BoE stress test: Three UK banks at risk

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The Bank of England (BoE) announced the results of its stress test, revealing  that three UK lenders, the Co-operative Bank, HSBC Bank, and RBS need to strengthen their capital position.

HSBC was the only one  of three banks included in the FTSE100 deemed to be “at risk” in the  crisis scenario, while Barclays and Lloyds shares added 1.4% and 1.7% respectively following the publication of the results.

The stress test conducted by the ECB covered eight British banks and building societies, testing their resilience to a severe housing market shock and a sharp rise or snap back of interest rates.

Lenders included in the research were Barclays Bank, Co-operative Bank, HSBC Bank, Lloyds Banking Group, Nationwide Building Society, Royal Bank of Scotland, Santander UK and Standard Chartered.

Mark Carney, governor of the BoE commented: “This was a demanding test. The results show that the core of the banking system is significantly more resilient, that it has the strength to continue to serve the real economy even in a severe stress, and that the growing confidence in the system is merited.”

The BoE applied a threshold CET 1 ratio of 4.5%, which is somewhat below the more stringent ratio CET1 of 5.5% the ECB used in its recent asset quality review. If the latest ECB threshold had been applied, the Co-operative Bank, Lloyds Banking Group and RBS would have failed the test.

John Thanassoulis, Professor of Financial Economics at Warwick Business School comments on the results of the stress test “The Bank of England are being diligent and fair to all the banks, but the downsides of this approach to financial regulation are that we publicly name certain banks as being distressed sellers of assets. For example the Co-operative bank has now been required to sell a large part of its mortgage book. A forced seller is one who will not receive a good price.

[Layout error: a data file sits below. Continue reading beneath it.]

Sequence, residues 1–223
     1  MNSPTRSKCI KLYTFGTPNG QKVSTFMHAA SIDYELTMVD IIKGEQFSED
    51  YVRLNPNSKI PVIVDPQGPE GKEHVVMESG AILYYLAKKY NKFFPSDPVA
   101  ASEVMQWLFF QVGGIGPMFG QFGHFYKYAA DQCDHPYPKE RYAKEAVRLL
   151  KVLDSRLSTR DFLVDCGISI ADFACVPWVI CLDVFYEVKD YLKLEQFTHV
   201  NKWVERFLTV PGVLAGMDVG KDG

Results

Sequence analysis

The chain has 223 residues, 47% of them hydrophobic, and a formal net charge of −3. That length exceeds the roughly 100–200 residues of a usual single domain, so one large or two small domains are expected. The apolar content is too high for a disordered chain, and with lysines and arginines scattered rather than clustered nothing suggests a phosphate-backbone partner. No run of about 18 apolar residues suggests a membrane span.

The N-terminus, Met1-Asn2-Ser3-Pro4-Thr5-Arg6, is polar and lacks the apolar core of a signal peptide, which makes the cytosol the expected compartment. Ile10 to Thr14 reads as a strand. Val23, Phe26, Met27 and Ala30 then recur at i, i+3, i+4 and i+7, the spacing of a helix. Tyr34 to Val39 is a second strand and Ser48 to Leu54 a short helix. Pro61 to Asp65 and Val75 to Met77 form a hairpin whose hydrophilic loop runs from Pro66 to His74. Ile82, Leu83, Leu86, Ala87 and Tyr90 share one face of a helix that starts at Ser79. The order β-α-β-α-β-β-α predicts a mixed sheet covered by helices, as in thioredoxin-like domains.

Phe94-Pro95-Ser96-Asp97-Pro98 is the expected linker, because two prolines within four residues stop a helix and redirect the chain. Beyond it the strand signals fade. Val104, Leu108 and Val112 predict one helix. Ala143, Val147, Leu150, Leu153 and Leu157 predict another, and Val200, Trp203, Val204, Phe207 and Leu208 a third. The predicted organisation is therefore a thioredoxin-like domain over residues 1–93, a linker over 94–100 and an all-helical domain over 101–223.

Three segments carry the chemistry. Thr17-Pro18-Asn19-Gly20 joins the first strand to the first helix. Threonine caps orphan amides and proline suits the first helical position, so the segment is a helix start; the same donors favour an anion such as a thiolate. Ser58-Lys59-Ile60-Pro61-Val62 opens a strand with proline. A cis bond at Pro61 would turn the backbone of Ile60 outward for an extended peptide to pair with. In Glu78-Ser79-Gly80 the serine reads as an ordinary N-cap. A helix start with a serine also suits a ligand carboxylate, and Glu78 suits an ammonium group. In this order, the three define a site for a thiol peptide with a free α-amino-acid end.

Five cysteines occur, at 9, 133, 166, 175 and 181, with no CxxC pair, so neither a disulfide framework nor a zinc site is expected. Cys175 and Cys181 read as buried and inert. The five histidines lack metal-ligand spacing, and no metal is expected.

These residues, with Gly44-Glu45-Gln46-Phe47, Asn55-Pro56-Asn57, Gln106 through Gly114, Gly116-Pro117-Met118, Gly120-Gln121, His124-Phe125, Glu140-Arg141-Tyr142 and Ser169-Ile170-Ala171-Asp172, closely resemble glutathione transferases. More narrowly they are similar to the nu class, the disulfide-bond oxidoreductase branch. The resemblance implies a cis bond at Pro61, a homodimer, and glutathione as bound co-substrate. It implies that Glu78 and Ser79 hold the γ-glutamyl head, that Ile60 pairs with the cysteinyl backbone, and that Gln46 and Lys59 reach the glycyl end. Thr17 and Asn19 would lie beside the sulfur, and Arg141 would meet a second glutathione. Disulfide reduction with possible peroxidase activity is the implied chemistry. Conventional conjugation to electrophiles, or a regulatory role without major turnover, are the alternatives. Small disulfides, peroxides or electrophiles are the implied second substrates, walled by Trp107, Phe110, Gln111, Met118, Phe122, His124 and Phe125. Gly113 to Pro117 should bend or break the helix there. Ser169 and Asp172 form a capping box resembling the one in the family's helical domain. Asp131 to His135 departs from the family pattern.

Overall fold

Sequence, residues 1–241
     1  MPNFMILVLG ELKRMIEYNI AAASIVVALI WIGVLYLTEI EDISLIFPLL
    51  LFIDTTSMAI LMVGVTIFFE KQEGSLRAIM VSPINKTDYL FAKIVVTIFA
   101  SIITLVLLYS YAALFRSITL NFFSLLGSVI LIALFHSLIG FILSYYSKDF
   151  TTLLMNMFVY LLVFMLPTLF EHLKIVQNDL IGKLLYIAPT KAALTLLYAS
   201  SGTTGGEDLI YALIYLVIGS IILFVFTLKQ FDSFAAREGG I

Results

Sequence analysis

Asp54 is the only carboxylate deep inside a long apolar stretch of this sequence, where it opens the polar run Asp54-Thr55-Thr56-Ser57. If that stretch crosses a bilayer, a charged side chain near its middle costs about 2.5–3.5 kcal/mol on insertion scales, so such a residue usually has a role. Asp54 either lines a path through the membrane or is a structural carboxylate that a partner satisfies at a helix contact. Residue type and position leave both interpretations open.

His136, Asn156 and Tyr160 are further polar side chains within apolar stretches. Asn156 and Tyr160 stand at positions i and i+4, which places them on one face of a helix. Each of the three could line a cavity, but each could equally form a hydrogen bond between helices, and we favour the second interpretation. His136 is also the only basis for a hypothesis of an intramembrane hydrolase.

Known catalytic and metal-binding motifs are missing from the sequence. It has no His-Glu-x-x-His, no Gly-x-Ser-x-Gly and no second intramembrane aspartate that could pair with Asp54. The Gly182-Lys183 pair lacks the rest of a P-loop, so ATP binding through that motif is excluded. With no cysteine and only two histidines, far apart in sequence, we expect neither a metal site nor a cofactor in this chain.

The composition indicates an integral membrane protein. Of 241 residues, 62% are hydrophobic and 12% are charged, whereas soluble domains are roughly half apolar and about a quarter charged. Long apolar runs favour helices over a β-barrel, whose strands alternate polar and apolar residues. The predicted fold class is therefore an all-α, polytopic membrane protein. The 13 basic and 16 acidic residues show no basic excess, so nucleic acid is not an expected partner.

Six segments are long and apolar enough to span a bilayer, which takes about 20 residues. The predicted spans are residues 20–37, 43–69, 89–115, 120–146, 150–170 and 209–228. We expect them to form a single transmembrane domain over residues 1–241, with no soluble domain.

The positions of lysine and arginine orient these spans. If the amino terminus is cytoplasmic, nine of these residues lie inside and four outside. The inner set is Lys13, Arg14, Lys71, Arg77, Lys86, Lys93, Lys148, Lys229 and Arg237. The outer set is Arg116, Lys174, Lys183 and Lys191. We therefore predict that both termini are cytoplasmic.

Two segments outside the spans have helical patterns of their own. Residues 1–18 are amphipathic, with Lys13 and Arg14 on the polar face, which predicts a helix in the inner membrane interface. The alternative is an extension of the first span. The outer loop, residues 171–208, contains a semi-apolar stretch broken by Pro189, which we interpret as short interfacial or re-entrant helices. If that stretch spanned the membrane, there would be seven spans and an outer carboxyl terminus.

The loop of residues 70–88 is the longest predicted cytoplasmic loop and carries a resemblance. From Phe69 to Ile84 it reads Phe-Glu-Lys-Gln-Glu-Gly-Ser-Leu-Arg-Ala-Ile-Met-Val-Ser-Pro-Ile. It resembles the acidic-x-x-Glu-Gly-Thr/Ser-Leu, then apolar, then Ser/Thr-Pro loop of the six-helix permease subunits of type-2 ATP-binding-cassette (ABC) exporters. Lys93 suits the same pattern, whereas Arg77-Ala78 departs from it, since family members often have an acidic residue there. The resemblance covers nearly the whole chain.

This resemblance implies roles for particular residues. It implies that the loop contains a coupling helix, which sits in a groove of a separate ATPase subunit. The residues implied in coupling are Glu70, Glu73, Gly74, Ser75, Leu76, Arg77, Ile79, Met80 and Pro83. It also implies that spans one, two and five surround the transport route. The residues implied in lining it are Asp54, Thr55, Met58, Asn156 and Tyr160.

“The second downside is that the reputational damage of doing things of which the Bank of England does not approve will make banks risk averse. Whether this is bad is a question of degree. But if lending costs rise for individuals and businesses in the medium term then the poorest consumers and the small entrepreneurs will be the ones who suffer first.

The BoE Financial Policy Committee concluded that “the resilience of the system had improved significantly since the capital shortfall exercise in 2013“, consequently, “no system-wide, macroprudential actions were needed in response to the stress test.”

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